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Hamstring stretch reflex: could it be a reproducible objective measure of functional knee stability?”

Overview of attention for article published in Journal of Experimental Orthopaedics, January 2016
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Title
Hamstring stretch reflex: could it be a reproducible objective measure of functional knee stability?”
Published in
Journal of Experimental Orthopaedics, January 2016
DOI 10.1186/s40634-016-0040-x
Pubmed ID
Authors

Jawad F. Abulhasan, Cameron M. Anley, Martyn D. Snow, Michael J. Grey

Abstract

The anterior cruciate ligament (ACL) plays an important role in anterior knee stability by preventing anterior translation of the tibia on the femur. Rapid translation of the tibia with respect to the femur produces an ACL-hamstring stretch reflex which may provide an object measure of neuromuscular function following ACL injury or reconstruction. The aim of this study was to determine if the ACL-hamstring stretch reflex could be reliably and consistently obtained using the KT-2000 arthrometer. A KT-2000 arthrometer was used to translate the tibia on the femur while recording the electromyography over the biceps femoris muscle in 20 participants, all with intact ACLs. In addition, a sub-group comprising 4 patients undergoing a knee arthroscopy for meniscal pathology, were tested before and after anaesthetic and with direct traction on the ACL during arthroscopy. The remaining 16 participants underwent testing to elicit the reflex using the KT-2000 only. A total number of 182 trials were performed from which 70 trials elicited stretch reflex (38.5 %). The mean onset latency of the hamstring stretch reflexes was 58.9 ± 17.9 ms. The average pull force was 195 ± 47 N, stretch velocity 48 ± 35 mm/s and rate of force 19.7 ± 6.4 N/s. Based on these results, we concluded that the response rate of the anterior cruciate ligament-hamstring reflex is too low for it to be reliably used in a clinical setting, and thus would have limited value in assessing the return of neuromuscular function following ACL injuries.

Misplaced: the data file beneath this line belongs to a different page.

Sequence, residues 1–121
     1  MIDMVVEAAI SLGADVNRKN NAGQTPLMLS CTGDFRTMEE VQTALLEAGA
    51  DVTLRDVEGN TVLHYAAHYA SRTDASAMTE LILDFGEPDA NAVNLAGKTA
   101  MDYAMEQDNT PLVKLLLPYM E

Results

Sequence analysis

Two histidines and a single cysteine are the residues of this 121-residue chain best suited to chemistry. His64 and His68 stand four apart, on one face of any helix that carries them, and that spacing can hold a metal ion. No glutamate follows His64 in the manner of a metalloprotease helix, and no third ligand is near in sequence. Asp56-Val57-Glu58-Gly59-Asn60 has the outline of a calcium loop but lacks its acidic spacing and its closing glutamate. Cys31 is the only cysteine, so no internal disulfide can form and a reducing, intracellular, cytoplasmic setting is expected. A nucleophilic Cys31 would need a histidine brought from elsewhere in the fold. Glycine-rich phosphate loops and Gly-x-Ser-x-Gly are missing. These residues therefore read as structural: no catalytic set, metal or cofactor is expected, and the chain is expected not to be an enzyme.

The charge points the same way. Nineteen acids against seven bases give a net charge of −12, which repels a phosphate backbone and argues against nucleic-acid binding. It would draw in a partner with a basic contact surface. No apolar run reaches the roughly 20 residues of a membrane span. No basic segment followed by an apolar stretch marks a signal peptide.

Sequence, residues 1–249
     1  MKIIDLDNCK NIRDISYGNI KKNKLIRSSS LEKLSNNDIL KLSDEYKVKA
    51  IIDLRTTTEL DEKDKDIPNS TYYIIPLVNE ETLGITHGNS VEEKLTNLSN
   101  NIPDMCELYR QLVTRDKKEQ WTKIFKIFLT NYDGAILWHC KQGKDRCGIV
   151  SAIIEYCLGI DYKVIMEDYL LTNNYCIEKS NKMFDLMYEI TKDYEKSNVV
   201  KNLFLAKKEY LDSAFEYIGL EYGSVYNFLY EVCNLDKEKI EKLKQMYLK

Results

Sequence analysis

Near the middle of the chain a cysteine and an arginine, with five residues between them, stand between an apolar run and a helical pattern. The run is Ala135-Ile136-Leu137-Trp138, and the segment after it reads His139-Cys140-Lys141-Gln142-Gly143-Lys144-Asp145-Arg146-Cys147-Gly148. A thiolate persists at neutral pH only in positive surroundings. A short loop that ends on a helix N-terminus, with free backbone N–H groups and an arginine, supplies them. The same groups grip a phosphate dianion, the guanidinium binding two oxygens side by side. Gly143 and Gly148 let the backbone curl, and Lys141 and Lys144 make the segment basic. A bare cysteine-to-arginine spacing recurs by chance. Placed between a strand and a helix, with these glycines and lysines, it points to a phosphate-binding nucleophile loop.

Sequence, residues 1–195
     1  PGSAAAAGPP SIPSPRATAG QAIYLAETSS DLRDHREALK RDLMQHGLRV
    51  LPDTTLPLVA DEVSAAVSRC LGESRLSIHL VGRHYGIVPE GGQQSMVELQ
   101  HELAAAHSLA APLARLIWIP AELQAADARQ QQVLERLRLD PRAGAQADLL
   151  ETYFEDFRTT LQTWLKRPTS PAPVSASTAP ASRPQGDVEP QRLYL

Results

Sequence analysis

Twitter Demographics

The data shown below were collected from the profile of 1 tweeter who shared this research output. Click here to find out more about how the information was compiled.

Mendeley readers

The data shown below were compiled from readership statistics for 28 Mendeley readers of this research output. Click here to see the associated Mendeley record.

Geographical breakdown

Country Count As %
Korea, Republic of 1 4%
Unknown 27 96%

Demographic breakdown

Readers by professional status Count As %
Student > Master 8 29%
Student > Bachelor 5 18%
Professor 4 14%
Student > Ph. D. Student 4 14%
Researcher 2 7%
Other 3 11%
Unknown 2 7%
Readers by discipline Count As %
Medicine and Dentistry 11 39%
Sports and Recreations 6 21%
Nursing and Health Professions 2 7%
Materials Science 2 7%
Social Sciences 1 4%
Other 2 7%
Unknown 4 14%

Attention Score in Context

This research output has an Altmetric Attention Score of 1. This is our high-level measure of the quality and quantity of online attention that it has received. This Attention Score, as well as the ranking and number of research outputs shown below, was calculated when the research output was last mentioned on 30 January 2016.
All research outputs
#3,516,710
of 7,062,006 outputs
Outputs from Journal of Experimental Orthopaedics
#9
of 21 outputs
Outputs of similar age
#166,527
of 319,030 outputs
Outputs of similar age from Journal of Experimental Orthopaedics
#2
of 6 outputs
Altmetric has tracked 7,062,006 research outputs across all sources so far. This one is in the 28th percentile – i.e., 28% of other outputs scored the same or lower than it.
So far Altmetric has tracked 21 research outputs from this source. They receive a mean Attention Score of 2.4. This one scored the same or higher as 12 of them.
Older research outputs will score higher simply because they've had more time to accumulate mentions. To account for age we can compare this Altmetric Attention Score to the 319,030 tracked outputs that were published within six weeks on either side of this one in any source. This one is in the 36th percentile – i.e., 36% of its contemporaries scored the same or lower than it.
We're also able to compare this research output to 6 others from the same source and published within six weeks on either side of this one. This one has scored higher than 4 of them.